The concept of Ubuntu dictates that umuntu ngumutu ngabantu. Motho ke motho ka batho. This concept subscribes to the processualism of ubuntu. In the African…
During this Lockdown began on 27 March 2020 as a national strategy to successfully curb the rapid and possibly deadly and uncontrollable spread of the Corona Virus pandemic some essential services and goods business have remained open for service and trading, for example, financial services, food stores/supermarkets/spazas, transport and petroleum garages. Of late, midway through the lockdown informal trades of fresh produce were granted trading permits and subsequently from Saturday, 18 April 2020 hardware stores for the benefit of essential artisan services such as plumbing, motor-mechanics and spares, etcetera were allowed to re-open their doors.
At face value it seems that these businesses are okay. But upon investigation it’s revealed that alas! even for them the financial pitch of the Lockdown exists in many cases. In this instance at a particular local fuel station, the revenue taking is down to 20 % meaning that 80 % of 100 % normal revenue before the lockdown is lost as fewer motor-vehicles visit the station pumping less liters of petrol and diesel since most residents are at home during the lockdown.
However, for most of these businesses even if earnings have dropped that drastically, they must continue working to keep on earning what they can with less sales as such disasters for example Covid19 unlike natural disasters like hail storms, flooding and fire that can be insured. A filling station manager lamented that, “if there had been an insurance none of us would be open”.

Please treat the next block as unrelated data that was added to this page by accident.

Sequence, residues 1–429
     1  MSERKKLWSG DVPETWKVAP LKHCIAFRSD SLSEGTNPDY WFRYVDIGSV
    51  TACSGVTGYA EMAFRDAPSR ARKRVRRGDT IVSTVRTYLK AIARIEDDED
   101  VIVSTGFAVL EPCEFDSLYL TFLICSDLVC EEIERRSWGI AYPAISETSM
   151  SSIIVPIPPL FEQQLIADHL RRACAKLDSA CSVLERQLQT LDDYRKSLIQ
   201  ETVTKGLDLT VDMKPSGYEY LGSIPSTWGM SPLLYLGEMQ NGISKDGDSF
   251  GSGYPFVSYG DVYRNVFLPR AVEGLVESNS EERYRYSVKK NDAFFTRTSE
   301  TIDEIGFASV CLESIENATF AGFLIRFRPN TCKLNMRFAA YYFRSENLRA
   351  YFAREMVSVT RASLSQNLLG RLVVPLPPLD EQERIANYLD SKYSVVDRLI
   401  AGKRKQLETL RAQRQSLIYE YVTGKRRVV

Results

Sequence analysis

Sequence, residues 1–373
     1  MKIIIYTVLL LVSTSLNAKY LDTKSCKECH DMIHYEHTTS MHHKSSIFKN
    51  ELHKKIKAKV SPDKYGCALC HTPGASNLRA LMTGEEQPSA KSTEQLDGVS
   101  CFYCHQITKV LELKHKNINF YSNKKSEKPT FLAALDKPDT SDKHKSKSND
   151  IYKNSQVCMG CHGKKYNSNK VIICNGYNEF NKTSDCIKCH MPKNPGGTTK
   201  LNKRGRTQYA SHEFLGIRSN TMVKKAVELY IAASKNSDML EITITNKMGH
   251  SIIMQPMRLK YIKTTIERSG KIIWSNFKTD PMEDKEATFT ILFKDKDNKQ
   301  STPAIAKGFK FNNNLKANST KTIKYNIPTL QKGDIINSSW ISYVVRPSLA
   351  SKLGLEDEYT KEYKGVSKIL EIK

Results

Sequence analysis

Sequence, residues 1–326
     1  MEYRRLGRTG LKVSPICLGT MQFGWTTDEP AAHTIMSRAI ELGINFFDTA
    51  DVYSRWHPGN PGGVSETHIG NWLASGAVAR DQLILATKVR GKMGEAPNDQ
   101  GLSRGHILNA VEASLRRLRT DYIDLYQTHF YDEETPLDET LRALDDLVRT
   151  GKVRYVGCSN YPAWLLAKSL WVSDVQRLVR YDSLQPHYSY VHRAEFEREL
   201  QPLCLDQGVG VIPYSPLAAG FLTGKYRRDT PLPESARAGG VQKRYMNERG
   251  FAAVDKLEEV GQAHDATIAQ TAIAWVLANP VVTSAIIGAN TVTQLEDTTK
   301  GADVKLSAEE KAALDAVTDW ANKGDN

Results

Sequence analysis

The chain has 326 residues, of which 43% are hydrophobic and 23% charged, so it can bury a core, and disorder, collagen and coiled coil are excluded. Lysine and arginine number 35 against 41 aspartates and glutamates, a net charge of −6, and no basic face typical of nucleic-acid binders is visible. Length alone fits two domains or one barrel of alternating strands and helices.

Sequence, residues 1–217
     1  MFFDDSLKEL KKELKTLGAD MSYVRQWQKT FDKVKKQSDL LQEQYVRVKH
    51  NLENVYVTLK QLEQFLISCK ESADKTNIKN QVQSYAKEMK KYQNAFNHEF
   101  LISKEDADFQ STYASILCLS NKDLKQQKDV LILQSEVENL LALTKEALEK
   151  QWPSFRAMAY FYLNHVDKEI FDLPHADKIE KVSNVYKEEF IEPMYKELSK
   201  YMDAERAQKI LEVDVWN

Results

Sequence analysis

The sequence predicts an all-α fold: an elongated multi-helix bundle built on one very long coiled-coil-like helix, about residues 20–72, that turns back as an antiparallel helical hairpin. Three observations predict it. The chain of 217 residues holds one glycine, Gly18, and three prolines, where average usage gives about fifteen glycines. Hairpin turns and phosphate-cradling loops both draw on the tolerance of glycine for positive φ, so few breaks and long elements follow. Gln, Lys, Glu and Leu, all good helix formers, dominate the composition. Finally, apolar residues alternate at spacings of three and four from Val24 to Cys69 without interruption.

This sentiment of reduced earnings due to less clientele is similar to the business experience expressed by the recently opened fresh produce informal traders. In addition to lower margins, they also mentioned the reality of increased prices from the supplier, the municipal Fresh Produce Market. Furthermore, some stock shortages lead to traders entertaining the idea of finding alternative fresh produce suppliers. In spite of these challenges they still maintain consumer friendly profit margins to keep their stock supplies going.
Government relief programs for struggling and vulnerable SMMEs including those with challenges in society during the Codiv19 pandemic announced by the State President, Mr Cyril Ramaphosa couldn’t be more appropriate to help ease the constrains.
However for most of the essential service and essential products providers as tenants of property owners belonging to the newly formed Property Industry Group, who being an amalgamation of various major national property owner groups including SA Council of Shopping Centers (SACSC) together with SA REIT and SAPOA are being called to deal with the impact of Codiv19 pandemic concerning their businesses and that of their tenants, who in turn can look forward to some relief from rental obligations until such a time that the lockdown is lifted.
The Property Industry Group has provided for some relief measures for its retail tenants mainly for SMMEs but also for large business tenants depending on their revenue takings during the lockdown; the revenue takings also linked to the ratio of essential services goods that make up normal business sales of the business. Job preservation is the objective target of this initiative by the landlords for their retail tenants, their suppliers and service providers. These measures are also initiated to help avoid evictions. For tenants in industrial, office space and hospitality industry relief will be handled on a case-by-case basis. The condition for all potential beneficiaries of their various suitable packages is that they must have been in good standing with their landlords as of Saturday, 29 February 2020.
Dumi Mkhabela Soweto Sunrise News